Myanmar has come under renewed pressure to release pro-democracy leader, Aung San Suu Kyi.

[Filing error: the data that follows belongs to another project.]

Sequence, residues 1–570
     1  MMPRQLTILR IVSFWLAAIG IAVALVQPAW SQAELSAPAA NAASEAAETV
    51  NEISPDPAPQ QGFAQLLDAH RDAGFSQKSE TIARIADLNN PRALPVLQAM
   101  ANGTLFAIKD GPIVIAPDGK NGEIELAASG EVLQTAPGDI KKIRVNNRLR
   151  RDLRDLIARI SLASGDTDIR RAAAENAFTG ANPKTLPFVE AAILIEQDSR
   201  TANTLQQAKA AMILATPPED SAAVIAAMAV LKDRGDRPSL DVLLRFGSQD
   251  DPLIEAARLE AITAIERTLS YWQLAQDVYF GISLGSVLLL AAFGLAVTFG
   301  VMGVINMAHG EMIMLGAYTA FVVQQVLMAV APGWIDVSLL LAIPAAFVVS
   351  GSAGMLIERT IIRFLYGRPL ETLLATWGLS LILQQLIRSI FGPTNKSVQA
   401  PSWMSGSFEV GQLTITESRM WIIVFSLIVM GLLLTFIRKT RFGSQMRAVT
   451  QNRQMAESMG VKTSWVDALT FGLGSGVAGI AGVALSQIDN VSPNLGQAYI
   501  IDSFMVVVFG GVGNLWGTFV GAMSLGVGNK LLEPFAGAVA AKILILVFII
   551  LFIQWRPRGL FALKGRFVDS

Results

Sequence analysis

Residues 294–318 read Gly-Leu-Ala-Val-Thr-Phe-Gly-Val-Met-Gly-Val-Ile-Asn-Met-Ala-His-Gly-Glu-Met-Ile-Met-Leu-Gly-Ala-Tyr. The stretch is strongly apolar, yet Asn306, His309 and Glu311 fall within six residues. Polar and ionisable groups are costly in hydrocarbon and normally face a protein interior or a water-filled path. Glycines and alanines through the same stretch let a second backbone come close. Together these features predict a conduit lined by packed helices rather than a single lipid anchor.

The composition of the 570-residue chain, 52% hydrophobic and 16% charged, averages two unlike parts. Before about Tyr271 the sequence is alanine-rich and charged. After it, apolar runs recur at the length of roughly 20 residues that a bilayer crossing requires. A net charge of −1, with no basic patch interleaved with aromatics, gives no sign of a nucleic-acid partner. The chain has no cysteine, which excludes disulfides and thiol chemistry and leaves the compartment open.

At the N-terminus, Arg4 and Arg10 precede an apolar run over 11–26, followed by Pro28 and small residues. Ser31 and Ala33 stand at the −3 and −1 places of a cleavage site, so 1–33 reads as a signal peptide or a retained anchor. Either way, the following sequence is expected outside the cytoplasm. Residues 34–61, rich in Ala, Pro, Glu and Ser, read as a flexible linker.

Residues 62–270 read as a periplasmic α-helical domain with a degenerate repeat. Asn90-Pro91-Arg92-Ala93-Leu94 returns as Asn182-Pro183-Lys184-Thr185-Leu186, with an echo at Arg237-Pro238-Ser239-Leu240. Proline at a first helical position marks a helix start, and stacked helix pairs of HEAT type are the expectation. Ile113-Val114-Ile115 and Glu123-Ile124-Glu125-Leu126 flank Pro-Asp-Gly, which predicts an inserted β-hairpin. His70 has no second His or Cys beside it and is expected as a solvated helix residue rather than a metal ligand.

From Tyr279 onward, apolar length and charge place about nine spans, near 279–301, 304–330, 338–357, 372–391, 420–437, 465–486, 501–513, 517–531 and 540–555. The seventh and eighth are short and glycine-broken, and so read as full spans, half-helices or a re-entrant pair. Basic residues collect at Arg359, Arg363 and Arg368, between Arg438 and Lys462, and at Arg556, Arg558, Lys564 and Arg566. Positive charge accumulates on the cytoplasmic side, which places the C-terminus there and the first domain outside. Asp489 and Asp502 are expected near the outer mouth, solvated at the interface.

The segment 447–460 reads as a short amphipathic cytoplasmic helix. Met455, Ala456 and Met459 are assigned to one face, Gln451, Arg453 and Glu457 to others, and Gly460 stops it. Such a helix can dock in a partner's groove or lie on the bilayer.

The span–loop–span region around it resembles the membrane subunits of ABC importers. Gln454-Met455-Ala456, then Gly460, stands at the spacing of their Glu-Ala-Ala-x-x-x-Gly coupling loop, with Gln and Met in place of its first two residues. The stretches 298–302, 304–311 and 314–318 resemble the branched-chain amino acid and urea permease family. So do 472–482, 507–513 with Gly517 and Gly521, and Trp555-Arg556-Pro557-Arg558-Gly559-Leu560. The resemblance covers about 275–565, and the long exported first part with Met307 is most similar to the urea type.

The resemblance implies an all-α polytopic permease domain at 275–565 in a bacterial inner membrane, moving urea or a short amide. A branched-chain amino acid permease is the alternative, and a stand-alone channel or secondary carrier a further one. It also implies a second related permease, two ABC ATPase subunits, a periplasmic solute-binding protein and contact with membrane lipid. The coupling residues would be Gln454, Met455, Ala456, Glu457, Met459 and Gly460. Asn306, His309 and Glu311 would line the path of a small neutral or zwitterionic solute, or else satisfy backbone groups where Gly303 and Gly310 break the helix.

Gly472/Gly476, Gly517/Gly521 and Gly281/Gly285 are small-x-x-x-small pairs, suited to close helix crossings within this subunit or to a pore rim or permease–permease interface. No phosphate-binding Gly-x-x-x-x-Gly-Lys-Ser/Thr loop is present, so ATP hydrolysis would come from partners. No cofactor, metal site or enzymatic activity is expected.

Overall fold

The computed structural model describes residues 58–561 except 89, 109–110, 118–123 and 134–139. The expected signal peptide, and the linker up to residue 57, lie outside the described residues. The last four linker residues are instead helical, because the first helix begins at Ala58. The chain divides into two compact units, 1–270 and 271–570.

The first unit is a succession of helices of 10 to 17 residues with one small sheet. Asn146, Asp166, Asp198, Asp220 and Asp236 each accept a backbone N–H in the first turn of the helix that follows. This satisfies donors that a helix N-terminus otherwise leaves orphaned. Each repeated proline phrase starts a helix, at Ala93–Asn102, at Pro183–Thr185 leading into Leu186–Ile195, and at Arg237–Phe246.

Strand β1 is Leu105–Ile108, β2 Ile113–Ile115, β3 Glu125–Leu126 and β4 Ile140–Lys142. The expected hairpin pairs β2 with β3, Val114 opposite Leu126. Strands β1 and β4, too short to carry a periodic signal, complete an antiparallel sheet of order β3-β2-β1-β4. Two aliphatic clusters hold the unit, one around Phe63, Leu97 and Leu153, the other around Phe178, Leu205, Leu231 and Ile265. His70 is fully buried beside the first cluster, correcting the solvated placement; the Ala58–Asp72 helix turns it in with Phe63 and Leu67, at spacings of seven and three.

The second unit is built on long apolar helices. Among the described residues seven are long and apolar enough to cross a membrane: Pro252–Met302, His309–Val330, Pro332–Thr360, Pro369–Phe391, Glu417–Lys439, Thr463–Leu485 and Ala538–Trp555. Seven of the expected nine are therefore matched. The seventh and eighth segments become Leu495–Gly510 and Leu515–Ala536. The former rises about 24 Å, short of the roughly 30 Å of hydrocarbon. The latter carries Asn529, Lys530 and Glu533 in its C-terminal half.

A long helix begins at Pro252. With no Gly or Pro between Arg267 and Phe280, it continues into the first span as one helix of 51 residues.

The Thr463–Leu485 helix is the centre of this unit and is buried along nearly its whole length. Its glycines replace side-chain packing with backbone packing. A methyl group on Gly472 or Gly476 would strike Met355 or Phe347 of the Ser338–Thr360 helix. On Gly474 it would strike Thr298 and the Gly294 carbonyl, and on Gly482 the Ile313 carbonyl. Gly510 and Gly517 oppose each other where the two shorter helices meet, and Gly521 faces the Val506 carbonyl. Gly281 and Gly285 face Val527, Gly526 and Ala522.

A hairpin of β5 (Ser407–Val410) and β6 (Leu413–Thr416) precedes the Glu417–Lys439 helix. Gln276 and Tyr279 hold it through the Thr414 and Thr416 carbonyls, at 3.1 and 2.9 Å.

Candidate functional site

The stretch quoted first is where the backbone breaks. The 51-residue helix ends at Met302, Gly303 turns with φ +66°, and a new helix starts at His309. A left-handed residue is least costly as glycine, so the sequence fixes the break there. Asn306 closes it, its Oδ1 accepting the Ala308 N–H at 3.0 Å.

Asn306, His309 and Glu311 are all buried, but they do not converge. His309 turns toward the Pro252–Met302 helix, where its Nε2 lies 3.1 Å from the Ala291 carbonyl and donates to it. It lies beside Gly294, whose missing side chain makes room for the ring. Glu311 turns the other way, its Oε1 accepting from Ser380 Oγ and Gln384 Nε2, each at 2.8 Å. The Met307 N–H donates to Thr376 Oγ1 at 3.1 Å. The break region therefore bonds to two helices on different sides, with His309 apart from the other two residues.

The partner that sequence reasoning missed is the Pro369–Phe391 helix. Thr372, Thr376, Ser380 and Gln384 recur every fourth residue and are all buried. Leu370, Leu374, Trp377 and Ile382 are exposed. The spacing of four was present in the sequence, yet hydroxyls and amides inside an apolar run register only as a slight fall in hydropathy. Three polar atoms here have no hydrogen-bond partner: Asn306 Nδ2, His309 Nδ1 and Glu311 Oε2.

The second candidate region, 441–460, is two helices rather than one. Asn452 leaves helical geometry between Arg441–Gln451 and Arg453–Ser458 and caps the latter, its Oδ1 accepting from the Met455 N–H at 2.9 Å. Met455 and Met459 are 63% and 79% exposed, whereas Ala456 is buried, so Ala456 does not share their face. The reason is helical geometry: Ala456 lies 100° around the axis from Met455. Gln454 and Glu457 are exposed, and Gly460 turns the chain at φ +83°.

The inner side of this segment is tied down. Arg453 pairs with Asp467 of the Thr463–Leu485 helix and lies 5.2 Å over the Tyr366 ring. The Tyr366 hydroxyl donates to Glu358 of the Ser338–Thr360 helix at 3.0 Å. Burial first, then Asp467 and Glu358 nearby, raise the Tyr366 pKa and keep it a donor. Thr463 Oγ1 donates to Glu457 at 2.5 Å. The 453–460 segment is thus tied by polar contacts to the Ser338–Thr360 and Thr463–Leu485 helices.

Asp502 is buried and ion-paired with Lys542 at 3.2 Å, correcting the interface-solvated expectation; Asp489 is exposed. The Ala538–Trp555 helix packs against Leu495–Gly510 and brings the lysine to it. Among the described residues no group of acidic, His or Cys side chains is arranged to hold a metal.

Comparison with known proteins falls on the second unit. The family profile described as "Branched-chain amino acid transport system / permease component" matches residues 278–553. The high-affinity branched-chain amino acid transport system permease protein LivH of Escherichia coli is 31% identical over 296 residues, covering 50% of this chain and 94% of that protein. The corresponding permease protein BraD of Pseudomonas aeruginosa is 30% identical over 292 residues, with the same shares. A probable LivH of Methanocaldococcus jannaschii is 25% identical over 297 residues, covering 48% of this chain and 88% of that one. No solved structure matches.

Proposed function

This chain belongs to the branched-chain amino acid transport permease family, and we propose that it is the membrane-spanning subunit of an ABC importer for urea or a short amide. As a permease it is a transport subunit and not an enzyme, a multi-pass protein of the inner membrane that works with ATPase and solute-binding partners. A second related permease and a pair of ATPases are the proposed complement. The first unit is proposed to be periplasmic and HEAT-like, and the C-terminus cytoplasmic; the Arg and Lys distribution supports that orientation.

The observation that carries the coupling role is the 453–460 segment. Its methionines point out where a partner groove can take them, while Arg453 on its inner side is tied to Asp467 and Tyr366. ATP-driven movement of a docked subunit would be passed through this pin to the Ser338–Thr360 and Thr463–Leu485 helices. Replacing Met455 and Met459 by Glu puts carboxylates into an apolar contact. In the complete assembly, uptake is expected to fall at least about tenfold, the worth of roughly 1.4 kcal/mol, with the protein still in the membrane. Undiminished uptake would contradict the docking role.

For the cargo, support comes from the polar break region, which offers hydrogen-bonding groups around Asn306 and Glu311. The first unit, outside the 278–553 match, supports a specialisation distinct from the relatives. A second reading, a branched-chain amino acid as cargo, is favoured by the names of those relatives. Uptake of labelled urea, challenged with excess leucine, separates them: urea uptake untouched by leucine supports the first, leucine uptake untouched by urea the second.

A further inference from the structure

At a meeting of Asian and European foreign ministers in Vietnam, Britain indicated that the tide of opinion is starting to turn against the country’s military rulers. Britain’s junior foreign minister, Bill Ramell said: “I detect a change in tone from the Asian neighbours, whereas previously the first point of reference was, “this is a matter for Burma, it is a matter of sovereignty.” Now there is a willingness to acknowledge what Burma is doing has actually cost the rest of the region. The regime today lifted Suu Kyi’s current house arrest a day before it expired. But she remains in detention while her trial continues on charges of breaking the terms of that order. She faces five years in jail if convicted of allowing an American intruder to stay at her home. Suu Kyi, one of more than 2,000 political prisoners in Myanmar, has been incarcerated for more than 13 of the past 19 years. Most of it has been spent at her lakeside Yangon home under police guard, her mail intercepted and visitors restricted.